With this piece, we take a look at the Micro Mobility industry in India. We take a look at the primary business models the players in this industry follow. We take a look at the target audience and funnels that these players use to acquire and finally understand the growth drivers and challenges for this space in the country.
Let’s jump right in the piece!
Micro mobility is categorized under shared mobility, which refers to the use of shared assets for transportation, irrespective of the asset ownership. In a literal sense, micro-mobility means transport via bikes/cycles over shorter distances, generally within city limits. Micro mobility is a high customer involvement activity and provides easier navigation through congested cities. As a result, this mode of transportation has witnessed global acceptance.
There are several forms of bike/cycle sharing models – docked, dockless and peer-to-peer.
In docked systems, users can pay to obtain and return bikes at docking stations throughout the service area.
In the dockless system, GPS-enabled bikes need not be docked at the termination of a ride; users can leave the bikes at the termination point of their trip. The bikes will be locked with their locking systems, and new users can board the same bike.
In a peer-to-peer system, users rent out bikes from owners.
Before the pandemic, McKinsey had projected that the global micro-mobility industry would be worth $300 billion to $500 billion by 2030.
However, the externalities have significantly impacted micro-mobility growth globally, with global passenger-kilometres travelled declining 50% to 60% worldwide.
The Micro Mobility Industry in India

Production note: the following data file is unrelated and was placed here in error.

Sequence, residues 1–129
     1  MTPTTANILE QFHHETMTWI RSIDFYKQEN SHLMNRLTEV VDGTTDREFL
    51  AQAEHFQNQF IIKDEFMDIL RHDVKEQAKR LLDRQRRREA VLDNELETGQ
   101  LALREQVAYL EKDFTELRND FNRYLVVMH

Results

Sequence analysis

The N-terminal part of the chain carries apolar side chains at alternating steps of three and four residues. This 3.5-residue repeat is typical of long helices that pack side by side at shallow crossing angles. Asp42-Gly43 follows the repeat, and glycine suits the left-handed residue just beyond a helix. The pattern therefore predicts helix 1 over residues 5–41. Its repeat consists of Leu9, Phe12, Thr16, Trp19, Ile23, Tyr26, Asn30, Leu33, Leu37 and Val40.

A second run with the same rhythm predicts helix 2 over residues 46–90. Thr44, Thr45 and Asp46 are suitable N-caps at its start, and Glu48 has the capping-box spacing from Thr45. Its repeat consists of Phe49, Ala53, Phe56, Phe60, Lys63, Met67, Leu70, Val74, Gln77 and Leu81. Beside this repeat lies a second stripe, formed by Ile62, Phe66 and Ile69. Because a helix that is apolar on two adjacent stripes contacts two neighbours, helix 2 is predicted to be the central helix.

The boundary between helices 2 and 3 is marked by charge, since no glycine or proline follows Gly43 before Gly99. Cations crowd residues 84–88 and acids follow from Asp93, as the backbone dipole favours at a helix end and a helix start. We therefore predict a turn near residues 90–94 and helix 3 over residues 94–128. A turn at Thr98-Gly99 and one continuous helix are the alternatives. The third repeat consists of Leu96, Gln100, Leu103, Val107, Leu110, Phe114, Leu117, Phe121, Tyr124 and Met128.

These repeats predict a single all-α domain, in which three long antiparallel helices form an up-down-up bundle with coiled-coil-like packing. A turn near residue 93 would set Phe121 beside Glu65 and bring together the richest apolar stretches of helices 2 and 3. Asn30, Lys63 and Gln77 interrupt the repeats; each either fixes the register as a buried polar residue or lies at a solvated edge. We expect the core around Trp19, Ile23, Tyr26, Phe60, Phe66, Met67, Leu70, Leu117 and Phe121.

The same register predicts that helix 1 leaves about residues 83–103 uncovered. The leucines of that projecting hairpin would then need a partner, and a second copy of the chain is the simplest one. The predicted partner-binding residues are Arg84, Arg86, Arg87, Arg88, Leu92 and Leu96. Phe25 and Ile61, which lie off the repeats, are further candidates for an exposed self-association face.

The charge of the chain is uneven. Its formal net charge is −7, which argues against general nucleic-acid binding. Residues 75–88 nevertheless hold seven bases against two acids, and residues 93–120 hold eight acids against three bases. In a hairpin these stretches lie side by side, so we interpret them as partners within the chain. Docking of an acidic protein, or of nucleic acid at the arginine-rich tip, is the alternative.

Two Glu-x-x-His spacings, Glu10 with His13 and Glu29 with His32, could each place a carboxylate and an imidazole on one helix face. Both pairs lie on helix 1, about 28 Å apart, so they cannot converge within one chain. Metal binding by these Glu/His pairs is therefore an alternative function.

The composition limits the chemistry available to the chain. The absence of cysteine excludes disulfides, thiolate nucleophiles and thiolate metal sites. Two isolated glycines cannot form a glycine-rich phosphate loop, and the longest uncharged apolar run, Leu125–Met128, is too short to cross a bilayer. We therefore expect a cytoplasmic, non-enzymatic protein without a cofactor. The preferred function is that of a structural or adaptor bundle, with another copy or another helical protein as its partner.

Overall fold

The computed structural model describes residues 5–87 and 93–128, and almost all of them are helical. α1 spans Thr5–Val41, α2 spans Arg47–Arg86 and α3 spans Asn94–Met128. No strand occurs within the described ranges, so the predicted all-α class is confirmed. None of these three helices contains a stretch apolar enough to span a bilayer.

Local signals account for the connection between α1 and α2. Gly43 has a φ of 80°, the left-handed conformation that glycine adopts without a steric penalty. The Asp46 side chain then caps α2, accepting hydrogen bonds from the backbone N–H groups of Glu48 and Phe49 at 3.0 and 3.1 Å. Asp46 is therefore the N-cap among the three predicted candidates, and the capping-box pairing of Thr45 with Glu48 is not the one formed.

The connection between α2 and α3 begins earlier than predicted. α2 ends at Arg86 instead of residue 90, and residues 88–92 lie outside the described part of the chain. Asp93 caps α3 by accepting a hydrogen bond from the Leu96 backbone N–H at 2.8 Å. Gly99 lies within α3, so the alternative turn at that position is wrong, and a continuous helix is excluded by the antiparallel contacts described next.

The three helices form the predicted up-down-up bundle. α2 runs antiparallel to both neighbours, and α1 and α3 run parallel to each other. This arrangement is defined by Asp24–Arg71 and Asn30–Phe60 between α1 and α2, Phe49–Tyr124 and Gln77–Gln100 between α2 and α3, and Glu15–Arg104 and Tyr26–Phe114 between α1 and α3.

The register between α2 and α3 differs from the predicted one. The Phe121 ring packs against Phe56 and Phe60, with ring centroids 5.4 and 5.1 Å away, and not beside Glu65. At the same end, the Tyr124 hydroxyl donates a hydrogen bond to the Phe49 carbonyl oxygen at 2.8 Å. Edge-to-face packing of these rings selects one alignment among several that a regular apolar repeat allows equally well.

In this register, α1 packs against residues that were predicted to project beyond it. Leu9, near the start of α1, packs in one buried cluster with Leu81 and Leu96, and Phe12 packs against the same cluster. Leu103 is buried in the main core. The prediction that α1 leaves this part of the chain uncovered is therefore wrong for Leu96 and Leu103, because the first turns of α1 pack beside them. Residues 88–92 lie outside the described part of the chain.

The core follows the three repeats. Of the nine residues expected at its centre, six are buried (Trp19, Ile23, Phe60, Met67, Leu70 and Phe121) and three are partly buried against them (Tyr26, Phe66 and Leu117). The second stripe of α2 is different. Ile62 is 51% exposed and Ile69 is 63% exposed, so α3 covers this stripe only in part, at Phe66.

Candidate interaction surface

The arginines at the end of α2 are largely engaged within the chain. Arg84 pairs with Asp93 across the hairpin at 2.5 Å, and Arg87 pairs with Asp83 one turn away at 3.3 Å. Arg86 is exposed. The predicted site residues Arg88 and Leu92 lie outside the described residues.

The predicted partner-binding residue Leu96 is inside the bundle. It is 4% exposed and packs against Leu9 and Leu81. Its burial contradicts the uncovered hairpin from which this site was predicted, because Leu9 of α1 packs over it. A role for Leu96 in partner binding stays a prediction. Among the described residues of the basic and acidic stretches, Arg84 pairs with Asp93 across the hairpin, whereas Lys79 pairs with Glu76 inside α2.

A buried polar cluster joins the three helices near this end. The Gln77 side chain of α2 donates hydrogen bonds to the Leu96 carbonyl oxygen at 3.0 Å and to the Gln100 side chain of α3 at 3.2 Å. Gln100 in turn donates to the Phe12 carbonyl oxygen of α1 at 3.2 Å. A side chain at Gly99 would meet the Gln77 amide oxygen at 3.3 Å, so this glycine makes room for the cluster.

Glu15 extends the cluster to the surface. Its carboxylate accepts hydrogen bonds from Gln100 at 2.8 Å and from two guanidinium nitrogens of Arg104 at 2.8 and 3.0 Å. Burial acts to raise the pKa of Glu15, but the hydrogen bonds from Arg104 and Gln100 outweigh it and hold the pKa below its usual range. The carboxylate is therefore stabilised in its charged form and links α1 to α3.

According to a study undertaken by IIT Delhi, around 70% of work-related trips in Indian cities do not exceed five kilometres. This provides a perfect opportunity for the micro-mobility sector to thrive where travellers’ average distance is 8-10 km. Also, even though India’s public transport network is well utilized, the connections between metro stations/ bus stands and residential areas are poor. This means people often use their vehicles to reach these connecting stations. This is well reflected in the fact that 79% of India’s total vehicles in 2018 were two-wheelers.
The market opportunity for micro-mobility in India hasn’t been identified; however, if we use a benchmark-based approach, the US market with a 350 million population had an addressable market of more than $1.4 Tn in 2018. Indian market with a population of 1.2 billion provides a significantly higher opportunity. Sensing this, players like Bounce, Vogo, Yulu, Rapido, Mobycy have launched micro-mobility services in cities like Bangalore, Mumbai, Delhi, Pune.
Related: Take a look at the Indian startup ecosystem